About this book
Universities have never been static. Even so, it is fair to say they have experienced a most radical transformation in the past twenty years. During this period, the role and responsibility of the state generally have been broadly limited while allowing ‘market forces’--private ownership and control--more influence. But even where the state is still the main provider or funder, it relies increasingly on ‘market mechanisms’, for example contractual relations between state and institutions, competition among providers for resources, and external assessment of ‘outputs’ which means the results or impact of what universities do, in particular teaching and research. The new terminology speaks of price and competition, inputs and outputs, resources, cost and benefits, demand and supply, provider and customer, consumers and investors, quality control and accountability. Education, and post-secondary education especially are increasingly seen as matters for markets. Formal post-secondary education becomes a service, commercialized and traded across national borders. This volume on changing relationship between state and market, contains, besides an introductory analytic overview of the issues, accounts from different countries, regions, and thematic perspectives. Chapter authors describe and analyze government reforms and other developments that have directly or indirectly affected this relationship. Although the geographical focus is on North America, especially Mexico, South East Asia and Europe, the phenomenon is not limited to these regions and countries but worldwide.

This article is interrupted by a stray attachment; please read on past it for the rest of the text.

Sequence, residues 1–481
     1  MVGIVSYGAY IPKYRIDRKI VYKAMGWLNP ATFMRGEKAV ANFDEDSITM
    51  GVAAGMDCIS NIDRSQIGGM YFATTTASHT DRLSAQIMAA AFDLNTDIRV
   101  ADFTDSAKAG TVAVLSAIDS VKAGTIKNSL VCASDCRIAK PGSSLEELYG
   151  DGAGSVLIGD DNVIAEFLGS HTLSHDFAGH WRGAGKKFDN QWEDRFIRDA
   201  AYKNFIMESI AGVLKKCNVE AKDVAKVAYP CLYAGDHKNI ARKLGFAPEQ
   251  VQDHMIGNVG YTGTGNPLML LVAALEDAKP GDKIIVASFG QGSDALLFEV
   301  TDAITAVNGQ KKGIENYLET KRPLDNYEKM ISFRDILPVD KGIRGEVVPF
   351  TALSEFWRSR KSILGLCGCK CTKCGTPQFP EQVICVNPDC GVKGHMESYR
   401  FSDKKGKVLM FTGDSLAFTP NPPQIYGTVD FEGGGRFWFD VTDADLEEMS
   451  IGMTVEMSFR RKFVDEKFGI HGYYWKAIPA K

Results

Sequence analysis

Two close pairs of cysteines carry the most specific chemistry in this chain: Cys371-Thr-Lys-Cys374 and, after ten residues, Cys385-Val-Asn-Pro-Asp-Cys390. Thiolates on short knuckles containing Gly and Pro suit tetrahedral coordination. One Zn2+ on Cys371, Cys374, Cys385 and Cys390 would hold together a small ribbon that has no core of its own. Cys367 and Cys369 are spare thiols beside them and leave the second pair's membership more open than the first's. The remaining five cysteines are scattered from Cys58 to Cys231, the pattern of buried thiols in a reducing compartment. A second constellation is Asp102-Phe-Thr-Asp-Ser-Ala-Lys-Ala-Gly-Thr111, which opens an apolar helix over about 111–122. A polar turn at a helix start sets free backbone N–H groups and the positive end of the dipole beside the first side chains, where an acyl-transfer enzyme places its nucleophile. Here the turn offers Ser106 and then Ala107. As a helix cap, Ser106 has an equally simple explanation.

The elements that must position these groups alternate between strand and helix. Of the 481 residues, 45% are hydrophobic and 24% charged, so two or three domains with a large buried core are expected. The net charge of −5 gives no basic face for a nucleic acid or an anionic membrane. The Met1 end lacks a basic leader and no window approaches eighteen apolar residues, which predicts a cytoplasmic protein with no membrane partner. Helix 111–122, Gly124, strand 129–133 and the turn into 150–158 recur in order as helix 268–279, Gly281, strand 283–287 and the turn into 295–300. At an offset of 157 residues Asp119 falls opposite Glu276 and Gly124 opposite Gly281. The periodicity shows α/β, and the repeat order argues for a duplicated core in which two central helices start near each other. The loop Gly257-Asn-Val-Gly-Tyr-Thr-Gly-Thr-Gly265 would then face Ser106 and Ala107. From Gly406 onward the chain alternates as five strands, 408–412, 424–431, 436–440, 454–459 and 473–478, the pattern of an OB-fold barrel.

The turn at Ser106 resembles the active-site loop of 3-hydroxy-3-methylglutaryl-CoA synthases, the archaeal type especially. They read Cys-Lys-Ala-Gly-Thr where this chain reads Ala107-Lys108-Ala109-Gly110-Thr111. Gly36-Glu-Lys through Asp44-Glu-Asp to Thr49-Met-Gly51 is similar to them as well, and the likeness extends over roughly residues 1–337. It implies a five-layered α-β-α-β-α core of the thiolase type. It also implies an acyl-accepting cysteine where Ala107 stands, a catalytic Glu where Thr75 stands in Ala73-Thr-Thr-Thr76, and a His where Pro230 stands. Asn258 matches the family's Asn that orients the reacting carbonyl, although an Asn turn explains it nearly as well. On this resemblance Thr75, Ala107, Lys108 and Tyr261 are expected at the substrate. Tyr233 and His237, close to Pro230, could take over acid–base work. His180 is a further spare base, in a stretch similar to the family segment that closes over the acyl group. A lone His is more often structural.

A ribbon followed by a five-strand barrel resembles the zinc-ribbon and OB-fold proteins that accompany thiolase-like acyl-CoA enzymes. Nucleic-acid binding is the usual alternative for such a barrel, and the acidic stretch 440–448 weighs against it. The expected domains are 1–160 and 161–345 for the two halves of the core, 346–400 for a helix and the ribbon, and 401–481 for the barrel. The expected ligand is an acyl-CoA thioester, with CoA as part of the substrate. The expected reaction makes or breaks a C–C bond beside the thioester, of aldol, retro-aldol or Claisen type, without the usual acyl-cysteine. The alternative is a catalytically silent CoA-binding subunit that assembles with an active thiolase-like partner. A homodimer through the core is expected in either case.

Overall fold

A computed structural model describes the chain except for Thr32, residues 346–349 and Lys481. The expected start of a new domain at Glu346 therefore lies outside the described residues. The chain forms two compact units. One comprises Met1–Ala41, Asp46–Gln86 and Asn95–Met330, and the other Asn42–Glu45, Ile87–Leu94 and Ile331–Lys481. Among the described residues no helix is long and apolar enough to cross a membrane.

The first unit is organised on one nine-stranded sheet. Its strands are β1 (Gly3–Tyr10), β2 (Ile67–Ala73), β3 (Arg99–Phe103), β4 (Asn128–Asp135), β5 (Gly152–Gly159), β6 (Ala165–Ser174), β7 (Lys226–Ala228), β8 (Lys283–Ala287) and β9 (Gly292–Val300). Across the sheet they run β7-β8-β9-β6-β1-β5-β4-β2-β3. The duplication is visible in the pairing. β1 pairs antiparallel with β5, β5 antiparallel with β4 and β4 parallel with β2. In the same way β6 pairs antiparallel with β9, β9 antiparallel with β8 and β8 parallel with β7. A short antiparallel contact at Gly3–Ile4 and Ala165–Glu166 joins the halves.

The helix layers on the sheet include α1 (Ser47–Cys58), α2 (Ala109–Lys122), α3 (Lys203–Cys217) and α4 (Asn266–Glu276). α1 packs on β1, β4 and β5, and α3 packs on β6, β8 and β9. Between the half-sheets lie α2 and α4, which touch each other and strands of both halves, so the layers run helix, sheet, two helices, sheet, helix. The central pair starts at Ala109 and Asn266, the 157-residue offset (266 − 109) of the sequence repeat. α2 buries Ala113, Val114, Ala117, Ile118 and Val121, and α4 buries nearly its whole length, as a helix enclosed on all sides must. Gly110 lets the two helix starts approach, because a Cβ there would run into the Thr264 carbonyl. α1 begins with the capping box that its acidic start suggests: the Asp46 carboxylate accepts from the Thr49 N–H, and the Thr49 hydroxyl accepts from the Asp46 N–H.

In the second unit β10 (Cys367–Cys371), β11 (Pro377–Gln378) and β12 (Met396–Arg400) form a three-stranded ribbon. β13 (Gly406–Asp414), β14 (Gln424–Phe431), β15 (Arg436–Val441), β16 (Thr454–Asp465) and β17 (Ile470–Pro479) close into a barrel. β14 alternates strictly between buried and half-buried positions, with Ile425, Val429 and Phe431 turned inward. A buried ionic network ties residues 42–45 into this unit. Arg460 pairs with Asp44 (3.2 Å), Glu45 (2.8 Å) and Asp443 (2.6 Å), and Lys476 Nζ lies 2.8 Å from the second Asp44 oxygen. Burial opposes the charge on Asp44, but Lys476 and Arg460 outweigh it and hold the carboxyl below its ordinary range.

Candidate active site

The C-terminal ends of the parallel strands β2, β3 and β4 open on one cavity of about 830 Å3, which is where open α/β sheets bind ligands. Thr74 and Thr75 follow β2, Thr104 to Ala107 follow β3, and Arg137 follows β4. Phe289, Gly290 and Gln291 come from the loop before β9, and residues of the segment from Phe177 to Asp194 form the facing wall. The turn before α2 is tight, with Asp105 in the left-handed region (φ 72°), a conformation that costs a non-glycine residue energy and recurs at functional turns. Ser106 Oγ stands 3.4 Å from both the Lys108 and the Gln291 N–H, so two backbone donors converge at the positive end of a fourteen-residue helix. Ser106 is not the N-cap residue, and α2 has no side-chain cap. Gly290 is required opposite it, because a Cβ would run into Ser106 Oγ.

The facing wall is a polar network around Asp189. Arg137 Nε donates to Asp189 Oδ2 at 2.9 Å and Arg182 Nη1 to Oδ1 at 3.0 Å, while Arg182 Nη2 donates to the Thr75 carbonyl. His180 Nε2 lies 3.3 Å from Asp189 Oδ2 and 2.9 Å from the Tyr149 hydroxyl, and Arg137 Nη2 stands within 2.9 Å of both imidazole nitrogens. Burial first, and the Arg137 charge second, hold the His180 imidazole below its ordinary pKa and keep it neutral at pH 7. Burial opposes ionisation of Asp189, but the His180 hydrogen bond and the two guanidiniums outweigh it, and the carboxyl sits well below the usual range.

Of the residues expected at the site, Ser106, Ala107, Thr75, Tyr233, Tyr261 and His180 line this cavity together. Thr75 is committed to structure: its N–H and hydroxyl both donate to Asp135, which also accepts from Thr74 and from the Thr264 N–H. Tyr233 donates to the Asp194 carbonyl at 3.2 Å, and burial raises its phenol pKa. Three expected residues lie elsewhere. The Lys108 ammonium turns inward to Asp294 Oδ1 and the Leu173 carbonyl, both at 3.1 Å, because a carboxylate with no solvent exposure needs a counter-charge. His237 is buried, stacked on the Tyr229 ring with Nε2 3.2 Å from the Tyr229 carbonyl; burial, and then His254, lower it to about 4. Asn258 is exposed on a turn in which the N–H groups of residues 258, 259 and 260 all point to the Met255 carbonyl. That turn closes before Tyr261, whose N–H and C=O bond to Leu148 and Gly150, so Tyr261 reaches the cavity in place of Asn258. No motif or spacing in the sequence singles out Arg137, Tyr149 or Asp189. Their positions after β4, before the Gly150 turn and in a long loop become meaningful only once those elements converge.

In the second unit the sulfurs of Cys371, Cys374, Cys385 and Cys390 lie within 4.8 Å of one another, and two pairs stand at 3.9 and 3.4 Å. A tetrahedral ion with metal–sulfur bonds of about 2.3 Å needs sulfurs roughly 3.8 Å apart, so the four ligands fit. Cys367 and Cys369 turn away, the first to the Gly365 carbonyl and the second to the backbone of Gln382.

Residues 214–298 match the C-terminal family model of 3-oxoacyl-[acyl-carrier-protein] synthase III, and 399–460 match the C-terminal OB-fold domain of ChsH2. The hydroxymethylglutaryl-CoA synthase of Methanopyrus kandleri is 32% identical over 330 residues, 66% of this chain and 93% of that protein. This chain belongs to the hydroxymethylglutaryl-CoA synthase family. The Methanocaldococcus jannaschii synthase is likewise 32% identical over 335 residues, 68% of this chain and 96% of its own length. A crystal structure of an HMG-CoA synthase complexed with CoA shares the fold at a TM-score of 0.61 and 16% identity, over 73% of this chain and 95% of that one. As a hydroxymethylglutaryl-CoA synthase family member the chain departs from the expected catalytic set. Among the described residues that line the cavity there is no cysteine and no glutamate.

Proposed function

competition market mechanisms